“Il mestiere dell’aria che vibra” is what Marco Tutino, one of the greatest composers of the contemporary Italian landscape, chose for his life.
In his first book he describes the passion for his work, the genesis of his opera and the secrets of the stage.
As a child, Marco Tutino uses to listen to Beethoven and Vivaldi in the arms of his dad, as a boy loves the Beatles and the Rolling Stones (not to mention Lucio Battisti), once young is undecided between becoming a folk songwriter, a Brechtian actor, a political militant or a flutist.
But the flash of inspiration comes a night in the early seventies, during which, from the Loggione of La Scala, the conspirators of “Un ballo in maschera” whisper their evil intentions, giving him the strongest of the emotions. It’s in that moment that he takes off the amateur’s clothes to choose the “profession” of his life, to make the air shake.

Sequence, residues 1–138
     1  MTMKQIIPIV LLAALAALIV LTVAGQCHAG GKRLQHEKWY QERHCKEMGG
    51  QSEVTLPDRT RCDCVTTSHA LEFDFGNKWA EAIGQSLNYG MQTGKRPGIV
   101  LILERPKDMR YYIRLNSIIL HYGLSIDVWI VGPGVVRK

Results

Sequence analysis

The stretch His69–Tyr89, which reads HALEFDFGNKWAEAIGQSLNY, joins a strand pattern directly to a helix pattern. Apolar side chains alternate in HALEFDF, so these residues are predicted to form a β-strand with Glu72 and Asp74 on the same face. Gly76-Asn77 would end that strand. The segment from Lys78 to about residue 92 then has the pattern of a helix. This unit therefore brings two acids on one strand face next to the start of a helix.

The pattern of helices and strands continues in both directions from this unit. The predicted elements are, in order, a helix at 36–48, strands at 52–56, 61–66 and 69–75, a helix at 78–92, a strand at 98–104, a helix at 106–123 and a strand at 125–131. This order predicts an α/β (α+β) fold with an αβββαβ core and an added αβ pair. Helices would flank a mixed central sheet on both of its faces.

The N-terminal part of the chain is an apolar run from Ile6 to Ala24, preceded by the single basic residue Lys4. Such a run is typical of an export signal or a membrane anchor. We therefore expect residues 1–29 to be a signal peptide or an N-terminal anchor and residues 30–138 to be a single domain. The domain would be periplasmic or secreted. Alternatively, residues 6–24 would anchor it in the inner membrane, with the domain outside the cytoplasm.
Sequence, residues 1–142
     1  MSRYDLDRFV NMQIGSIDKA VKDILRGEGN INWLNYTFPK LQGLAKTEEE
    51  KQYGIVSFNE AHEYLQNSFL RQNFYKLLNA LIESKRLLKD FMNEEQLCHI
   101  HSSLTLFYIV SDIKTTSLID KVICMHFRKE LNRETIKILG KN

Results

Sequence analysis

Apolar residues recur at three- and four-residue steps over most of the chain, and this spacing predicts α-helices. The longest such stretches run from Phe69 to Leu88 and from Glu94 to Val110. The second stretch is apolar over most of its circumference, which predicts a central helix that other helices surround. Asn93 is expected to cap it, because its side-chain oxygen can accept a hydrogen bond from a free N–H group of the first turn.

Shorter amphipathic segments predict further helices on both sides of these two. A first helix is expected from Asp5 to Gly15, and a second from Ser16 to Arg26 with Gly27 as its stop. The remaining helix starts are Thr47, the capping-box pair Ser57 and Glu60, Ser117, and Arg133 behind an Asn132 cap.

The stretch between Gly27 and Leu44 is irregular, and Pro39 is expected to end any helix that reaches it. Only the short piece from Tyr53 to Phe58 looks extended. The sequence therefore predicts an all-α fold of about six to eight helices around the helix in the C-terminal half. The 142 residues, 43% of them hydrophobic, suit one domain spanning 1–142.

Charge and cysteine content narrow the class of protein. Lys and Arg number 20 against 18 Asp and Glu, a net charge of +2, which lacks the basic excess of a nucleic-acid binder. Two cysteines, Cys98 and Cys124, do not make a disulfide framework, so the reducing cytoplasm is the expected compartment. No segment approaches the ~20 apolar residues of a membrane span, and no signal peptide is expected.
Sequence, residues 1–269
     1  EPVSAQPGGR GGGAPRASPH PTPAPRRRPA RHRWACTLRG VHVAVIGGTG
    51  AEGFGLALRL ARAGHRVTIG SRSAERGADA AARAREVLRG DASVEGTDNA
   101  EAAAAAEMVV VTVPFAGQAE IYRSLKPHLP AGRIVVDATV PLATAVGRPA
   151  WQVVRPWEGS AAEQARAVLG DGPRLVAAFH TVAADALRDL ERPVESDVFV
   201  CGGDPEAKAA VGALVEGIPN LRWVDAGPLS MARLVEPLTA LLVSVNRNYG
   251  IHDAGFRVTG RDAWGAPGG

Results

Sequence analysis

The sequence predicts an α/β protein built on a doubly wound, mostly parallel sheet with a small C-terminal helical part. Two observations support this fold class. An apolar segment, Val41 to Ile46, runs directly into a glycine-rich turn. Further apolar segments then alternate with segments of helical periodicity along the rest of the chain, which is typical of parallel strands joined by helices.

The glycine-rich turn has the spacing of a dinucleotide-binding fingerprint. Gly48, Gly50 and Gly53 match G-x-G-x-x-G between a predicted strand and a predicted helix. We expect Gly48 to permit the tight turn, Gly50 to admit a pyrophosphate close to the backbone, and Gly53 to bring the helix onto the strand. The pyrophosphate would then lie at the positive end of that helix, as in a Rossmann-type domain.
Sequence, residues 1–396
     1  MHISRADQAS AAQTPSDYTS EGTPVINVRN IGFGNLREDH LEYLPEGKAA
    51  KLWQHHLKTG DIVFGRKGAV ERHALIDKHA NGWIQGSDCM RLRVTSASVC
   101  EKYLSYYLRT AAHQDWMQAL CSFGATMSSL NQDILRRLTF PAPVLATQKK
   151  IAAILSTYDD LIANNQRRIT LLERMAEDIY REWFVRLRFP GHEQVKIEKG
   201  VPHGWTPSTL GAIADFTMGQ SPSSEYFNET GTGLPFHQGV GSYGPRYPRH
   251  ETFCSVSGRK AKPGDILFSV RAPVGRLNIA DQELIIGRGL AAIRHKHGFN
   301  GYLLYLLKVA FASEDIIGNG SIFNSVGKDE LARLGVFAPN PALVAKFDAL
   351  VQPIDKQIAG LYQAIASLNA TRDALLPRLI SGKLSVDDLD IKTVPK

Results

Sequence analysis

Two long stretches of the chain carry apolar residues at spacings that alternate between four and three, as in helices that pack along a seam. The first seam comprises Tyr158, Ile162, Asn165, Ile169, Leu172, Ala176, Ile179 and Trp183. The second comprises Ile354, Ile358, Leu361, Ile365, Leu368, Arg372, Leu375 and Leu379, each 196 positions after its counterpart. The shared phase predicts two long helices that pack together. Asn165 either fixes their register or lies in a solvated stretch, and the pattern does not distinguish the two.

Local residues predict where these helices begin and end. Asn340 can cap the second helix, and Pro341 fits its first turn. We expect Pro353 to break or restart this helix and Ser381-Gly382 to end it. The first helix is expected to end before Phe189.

In “Il mestiere dell’aria che vibra”, one of the most important composers of the contemporary Italian panorama tells the passion for his work, the genesis of his opera and the secrets of the stage, the technical choices and the organizational fatigues behind a single set-up or a theatrical season, the happy encounters and the fierce clashes with power, in all its incarnations.
While his story as a musician and superintendent of uncompromising compromises intertwines with national history, the atmosphere is full of the great antique and modern operas that make up the great lyric repertoire, complete with instructions for use.
And, between the lines, the joyful and light dance of artistic creation, made of inspiration and craftsmanship, of rigor and abandonment, of small, sudden illumination emerges.